Home>News> Bookcase Focus: An Interview with Richard Gwyn
Bookcase Focus: An Interview with Richard Gwyn
Wales Literature Exchange interviewed our Bookcase author Richard Gwyn, about his writing and his influences.
1. What first inspired you to be an author and where do your ideas come from?
Until my mid-teens I wanted to be a composer; then something happened and from that point on I started writing. I can even pinpoint the moment, at fifteen or sixteen, when I read a short story by the German writer Christoph Meckel, called ‘The Lion’. I still remember my astonishment on reading it. My first thought was: ‘I didn’t realise it was possible to do this’, and then, immediately afterwards: ‘I could write like this’.
It’s impossible to say where ideas come from. Anywhere and everywhere. But the writing process usually begins with a phrase, or even a complete sentence. Often a pair of words, an unlikely collocation. I write them down in a notebook and sooner or late come back to them and, if I’m lucky, they take off and become something.
2. How would you describe your writing?
In my fiction I don’t go in for a lot of description or exposition. I enjoy writing dialogue. I indulge in digressions: most everything is a digression of some kind. Readers have commented on the number of animals in my work. There is not much overt engagement with politics as such, although I am, as we are all, deeply affected by political events. My concerns are primarily with matters of perception, and the many ways that individuals attempt to overcome the recurrent problem of communication. I try not to get hung up on trivia, and at the same time I love detail.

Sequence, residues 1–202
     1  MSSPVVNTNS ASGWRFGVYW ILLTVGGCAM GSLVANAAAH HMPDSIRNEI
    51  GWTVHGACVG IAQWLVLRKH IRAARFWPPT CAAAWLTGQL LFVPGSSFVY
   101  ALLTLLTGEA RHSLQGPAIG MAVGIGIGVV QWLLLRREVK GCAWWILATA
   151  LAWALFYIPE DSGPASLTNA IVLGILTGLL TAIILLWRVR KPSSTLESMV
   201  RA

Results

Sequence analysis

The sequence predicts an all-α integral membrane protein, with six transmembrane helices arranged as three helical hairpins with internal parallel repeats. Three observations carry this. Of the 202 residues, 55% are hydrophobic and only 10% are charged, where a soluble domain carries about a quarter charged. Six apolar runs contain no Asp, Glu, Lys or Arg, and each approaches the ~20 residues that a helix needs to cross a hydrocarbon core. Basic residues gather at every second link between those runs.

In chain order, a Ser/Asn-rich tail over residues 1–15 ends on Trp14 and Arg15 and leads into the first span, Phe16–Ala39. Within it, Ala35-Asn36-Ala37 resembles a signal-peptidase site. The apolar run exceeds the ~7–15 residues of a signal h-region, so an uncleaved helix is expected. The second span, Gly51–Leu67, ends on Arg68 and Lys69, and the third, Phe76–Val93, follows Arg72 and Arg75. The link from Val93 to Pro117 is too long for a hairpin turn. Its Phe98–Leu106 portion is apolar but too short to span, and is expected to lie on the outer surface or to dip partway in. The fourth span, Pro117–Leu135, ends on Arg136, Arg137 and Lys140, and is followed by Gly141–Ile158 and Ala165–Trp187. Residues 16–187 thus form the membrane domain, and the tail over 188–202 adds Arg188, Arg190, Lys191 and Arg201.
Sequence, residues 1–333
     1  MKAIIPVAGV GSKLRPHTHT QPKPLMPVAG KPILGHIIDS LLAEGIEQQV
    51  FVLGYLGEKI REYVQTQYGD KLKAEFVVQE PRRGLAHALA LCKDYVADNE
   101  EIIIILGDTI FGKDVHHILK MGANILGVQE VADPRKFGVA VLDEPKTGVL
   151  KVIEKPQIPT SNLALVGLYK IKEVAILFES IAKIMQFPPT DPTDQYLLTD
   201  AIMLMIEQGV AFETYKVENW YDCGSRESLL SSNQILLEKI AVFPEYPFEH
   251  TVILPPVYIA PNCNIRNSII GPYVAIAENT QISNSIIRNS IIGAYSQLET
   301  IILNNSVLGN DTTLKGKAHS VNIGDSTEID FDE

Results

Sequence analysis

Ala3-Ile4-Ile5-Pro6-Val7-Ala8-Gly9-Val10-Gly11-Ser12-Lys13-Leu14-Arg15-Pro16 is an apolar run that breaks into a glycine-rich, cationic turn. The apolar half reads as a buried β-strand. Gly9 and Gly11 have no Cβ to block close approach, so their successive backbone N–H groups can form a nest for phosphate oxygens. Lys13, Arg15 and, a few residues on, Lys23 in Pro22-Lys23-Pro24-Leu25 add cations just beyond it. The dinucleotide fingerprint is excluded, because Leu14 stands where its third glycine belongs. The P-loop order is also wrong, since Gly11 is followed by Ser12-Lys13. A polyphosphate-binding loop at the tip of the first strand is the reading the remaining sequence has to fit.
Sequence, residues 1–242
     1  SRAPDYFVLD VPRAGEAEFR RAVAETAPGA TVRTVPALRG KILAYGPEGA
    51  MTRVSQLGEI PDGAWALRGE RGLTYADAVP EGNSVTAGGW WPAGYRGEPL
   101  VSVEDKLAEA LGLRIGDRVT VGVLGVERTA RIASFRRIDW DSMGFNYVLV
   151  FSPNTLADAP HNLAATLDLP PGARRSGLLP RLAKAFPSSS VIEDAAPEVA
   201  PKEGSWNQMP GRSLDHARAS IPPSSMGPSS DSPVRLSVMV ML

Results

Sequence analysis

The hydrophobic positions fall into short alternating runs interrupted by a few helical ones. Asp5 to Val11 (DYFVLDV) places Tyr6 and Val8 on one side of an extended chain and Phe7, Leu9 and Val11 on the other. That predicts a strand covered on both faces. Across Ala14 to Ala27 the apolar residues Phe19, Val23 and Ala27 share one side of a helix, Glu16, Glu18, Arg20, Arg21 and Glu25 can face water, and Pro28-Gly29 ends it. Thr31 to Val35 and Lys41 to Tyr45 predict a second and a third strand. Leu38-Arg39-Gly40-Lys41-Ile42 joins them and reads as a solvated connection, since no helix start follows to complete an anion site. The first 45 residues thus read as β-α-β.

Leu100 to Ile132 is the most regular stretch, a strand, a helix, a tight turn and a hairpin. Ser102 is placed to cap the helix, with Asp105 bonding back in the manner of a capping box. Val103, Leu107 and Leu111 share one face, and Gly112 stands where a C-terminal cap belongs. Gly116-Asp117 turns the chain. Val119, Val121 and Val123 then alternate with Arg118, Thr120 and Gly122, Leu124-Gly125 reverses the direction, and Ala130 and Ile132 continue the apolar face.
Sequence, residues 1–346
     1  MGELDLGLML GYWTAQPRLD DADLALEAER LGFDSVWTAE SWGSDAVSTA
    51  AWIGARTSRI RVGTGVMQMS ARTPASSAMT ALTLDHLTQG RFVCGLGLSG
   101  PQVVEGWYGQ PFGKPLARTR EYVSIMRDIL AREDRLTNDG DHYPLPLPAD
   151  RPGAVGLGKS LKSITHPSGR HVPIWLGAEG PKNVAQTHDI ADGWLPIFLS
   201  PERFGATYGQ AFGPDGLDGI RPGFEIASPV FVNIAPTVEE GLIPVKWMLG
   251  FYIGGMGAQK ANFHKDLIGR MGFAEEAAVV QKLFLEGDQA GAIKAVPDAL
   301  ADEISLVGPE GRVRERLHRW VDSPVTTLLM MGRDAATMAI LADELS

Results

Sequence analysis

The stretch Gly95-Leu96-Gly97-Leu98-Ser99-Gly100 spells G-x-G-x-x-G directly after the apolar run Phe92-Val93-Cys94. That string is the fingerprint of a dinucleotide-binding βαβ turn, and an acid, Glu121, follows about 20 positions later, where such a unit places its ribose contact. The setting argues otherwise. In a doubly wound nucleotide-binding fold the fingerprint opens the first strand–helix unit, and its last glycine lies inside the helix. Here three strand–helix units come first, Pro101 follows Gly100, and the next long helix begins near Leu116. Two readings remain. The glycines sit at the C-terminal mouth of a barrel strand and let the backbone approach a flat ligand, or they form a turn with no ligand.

The urge to write poetry seems to emerge from a different part of the brain. A Colombian guy – a member of the audience and himself a poet – approached me after a reading and said ‘there are no metaphors in your work’. I realise this may be true, although I do not consciously plan it that way. I do sometimes feel a weariness with writers who constantly resort to simile, the trope of something being defined by its likeness to something else, which diminishes the essential quiddity or uniqueness of individual experience. I feel the need to restore a sense of perspective, to remember that we are creatures on a small planet spinning at vast speed through infinite space. I want to question fixed assumptions about reality and destabilise the shabby edifice of identity. If my writing achieves any of that, it would be something.
3. Which authors have influenced you the most?
We usually start out by imitating the writers we admire, which is no bad thing. But imitation isn’t the same as influence; influence is something that happens under the skin, at times unconsciously, and it’s hard to pin down the individuals who share the territory from which one’s own writing emerges. The writers that influenced me are not necessarily writers I seek to emulate in any way.
Certainly J.L. Borges helped shape my understanding of literature as a thing fed by many diverse sources, closely followed by the fabulist Italo Calvino and – during my time in Greece – the twentieth century Greek poets, especially C.F. Cavafy and Yannis Ritsos. Jean Giono, and his understanding of humans as an intrinsic part of the animal world, was a revelation to me. Proust, and his treatment of time, and life as an accretion of interweaving digressions . . . all of these helped shape my vision as a writer. None of them wrote in English, it will be noted, so I should mention the Metaphysical poets, Donne and Marvell especially, Coleridge and De Quincey, through to Conrad – who wrote in his third language and is among the finest of English novelists – and Woolf and the modernist poets, especially Eliot and Stevens. Mavis Gallant, whose short stories are among the best I’ve ever read. Contemporary American poets I admire are Charles Simic, Adam Zagajewski and Laura Kasischke.